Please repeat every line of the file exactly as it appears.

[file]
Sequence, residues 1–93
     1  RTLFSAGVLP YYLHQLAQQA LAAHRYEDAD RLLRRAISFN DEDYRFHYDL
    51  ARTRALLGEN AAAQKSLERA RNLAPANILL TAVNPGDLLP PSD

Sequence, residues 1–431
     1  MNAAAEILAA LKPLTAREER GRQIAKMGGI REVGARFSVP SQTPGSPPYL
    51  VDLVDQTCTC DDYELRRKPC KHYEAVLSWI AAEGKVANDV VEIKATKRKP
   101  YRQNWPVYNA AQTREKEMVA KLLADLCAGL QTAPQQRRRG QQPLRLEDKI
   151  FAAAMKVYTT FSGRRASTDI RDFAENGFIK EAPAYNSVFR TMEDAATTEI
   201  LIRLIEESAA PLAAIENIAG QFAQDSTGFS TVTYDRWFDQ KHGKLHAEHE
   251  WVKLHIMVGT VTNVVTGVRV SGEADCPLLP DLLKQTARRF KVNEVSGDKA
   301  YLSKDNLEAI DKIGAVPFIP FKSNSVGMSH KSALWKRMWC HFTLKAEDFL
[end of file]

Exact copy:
Sequence, residues 1–93
     1  RTLFSAGVLP YYLHQLAQQA LAAHRYEDAD RLLRRAISFN DEDYRFHYDL
    51  ARTRALLGEN AAAQKSLERA RNLAPANILL TAVNPGDLLP PSD

Sequence, residues 1–431
     1  MNAAAEILAA LKPLTAREER GRQIAKMGGI REVGARFSVP SQTPGSPPYL
    51  VDLVDQTCTC DDYELRRKPC KHYEAVLSWI AAEGKVANDV VEIKATKRKP
   101  YRQNWPVYNA AQTREKEMVA KLLADLCAGL QTAPQQRRRG QQPLRLEDKI
   151  FAAAMKVYTT FSGRRASTDI RDFAENGFIK EAPAYNSVFR TMEDAATTEI
   201  LIRLIEESAA PLAAIENIAG QFAQDSTGFS TVTYDRWFDQ KHGKLHAEHE
   251  WVKLHIMVGT VTNVVTGVRV SGEADCPLLP DLLKQTARRF KVNEVSGDKA
   301  YLSKDNLEAI DKIGAVPFIP FKSNSVGMSH KSALWKRMWC HFTLKAEDFL